In camps, concerns about the future

By Louise Hancock
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Gebre Kiros Teklehaimanot was among the 1,891 farmers in Tigray who received one of the first payments from a weather insurance policy for crops.

“We have lost everything,” says Bilhuda Ibrahim. “Our house is ruined, our livestock is dead.”

Ibrahim and her family of six are from Mardan, in Pakistan’s northwestern Khyber Pakhtunkhwa province. Four weeks after they were forced from their home by rising waters, they are living in a tent in an overcrowded camp with four thousand other flood survivors.

She knows they are among the lucky ones. Since the Ibrahims arrived at the camp in the town of Nowshera on 4 August, they have had a tent for shelter and access to clean water and food. But she’s worried about what the future holds for her family

“Before the floods came, life was hard but good,” says Ibrahim. “We had our own home. My husband worked as a watchman for a local company, and we had some livestock that brought us some extra money.

“Then the rains started and the river began rising. We had never seen anything like it. We got up for prayers at 5AM, and the water level was higher than we’d ever seen it before. Then it started coming into the house. By 12PM, we knew we had to leave.

“Now, even the office where my husband worked was washed away, so he has lost his job. There is nothing we can do but stay in the camp and wait. We are thankful for help, but it is very hot here all the time. We have tea and bread in the morning and curry in the evening. But at home, we all ate three times a day and we had tea 24 hours a day. At night, we only have two camp beds and some plastic mats for the eight of us.”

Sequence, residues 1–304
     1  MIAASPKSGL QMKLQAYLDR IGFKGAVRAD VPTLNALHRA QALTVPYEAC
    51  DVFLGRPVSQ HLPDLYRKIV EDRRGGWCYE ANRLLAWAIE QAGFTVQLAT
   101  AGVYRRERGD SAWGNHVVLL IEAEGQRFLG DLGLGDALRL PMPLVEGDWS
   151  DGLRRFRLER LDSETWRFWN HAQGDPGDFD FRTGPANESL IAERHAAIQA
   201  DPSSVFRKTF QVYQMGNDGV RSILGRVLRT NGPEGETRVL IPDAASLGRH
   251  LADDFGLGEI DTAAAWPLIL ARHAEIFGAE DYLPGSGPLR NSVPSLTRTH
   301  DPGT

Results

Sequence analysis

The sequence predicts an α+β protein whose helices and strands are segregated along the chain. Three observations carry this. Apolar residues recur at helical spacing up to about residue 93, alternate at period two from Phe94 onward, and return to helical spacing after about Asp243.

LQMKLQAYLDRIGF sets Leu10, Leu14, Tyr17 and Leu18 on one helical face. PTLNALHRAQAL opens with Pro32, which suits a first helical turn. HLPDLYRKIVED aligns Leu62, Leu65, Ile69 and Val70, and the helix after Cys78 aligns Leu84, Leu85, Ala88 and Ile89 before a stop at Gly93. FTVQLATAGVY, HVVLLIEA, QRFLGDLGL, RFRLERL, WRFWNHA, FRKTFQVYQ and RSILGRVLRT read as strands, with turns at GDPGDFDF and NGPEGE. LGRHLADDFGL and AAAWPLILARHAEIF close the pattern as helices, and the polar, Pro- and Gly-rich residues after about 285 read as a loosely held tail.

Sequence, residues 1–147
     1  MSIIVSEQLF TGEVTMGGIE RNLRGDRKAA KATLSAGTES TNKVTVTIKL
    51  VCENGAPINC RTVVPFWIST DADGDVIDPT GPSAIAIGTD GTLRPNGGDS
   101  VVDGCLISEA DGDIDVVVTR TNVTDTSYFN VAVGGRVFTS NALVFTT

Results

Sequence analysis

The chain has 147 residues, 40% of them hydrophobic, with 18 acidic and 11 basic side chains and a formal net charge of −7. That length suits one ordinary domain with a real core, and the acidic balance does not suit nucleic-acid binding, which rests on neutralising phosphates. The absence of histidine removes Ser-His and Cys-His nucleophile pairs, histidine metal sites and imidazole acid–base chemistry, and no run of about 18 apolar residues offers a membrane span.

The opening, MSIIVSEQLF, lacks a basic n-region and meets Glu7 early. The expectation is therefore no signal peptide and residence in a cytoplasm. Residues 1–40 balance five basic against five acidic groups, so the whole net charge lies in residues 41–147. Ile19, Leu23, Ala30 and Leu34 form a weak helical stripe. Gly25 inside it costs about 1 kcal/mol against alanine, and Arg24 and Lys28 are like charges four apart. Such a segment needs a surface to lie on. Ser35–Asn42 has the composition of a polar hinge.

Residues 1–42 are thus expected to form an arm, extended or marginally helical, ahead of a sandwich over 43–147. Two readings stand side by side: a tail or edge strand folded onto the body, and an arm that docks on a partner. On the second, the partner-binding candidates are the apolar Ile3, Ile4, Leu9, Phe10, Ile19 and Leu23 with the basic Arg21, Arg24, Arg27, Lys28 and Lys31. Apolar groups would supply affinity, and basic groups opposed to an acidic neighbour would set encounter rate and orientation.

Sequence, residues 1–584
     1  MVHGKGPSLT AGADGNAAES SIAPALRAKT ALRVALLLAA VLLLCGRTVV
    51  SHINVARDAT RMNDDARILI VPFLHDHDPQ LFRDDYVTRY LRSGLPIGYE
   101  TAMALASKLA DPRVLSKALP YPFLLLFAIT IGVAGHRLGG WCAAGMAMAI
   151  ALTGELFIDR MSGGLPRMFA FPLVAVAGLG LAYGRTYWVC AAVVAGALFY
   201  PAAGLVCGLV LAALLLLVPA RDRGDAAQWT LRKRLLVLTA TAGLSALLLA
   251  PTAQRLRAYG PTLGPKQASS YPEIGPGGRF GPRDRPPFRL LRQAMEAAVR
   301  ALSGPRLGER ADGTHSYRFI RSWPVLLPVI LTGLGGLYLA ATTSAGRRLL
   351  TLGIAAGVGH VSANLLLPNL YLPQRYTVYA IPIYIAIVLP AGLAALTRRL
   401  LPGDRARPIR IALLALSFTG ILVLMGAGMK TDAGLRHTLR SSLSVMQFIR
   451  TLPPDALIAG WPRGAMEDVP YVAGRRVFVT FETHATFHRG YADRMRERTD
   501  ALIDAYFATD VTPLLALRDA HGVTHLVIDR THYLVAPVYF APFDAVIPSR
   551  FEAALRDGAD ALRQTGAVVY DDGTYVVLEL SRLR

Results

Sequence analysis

The Ibrahims’ story is typical of  many of those affected by the floods. Some are living in government-run camps; others are making do by the side of the road.

“We can rebuild our home but it will take time,” says Ibrahim. “There’s no water or electricity, and all the rooms are filled with mud. Every day, we go to clean and to make sure no one has taken whatever has been left.

“I am scared about the winter. We think it will take two or three months at least to make our house so we can live in it again. We need to go home before winter comes. We have no winter clothing or bedding. What will we do if we have to live in a tent? We need to be back in our home.”

“These people don’t want handouts,” says Neva Khan, Oxfam’s country director in Pakistan. They want to return to their villages, rebuild their homes, and recreate their lives. Oxfam is among the agencies working to provide them not just with emergency short-term help but with the resources they will need over the long term.

In order to do this, she adds, we need much more help from supporters.

For those living in the camps, uncertainty is a constant companion. “I don’t know when we will be able to go home,” says Ibrahim.

Today, she is speaking for millions.

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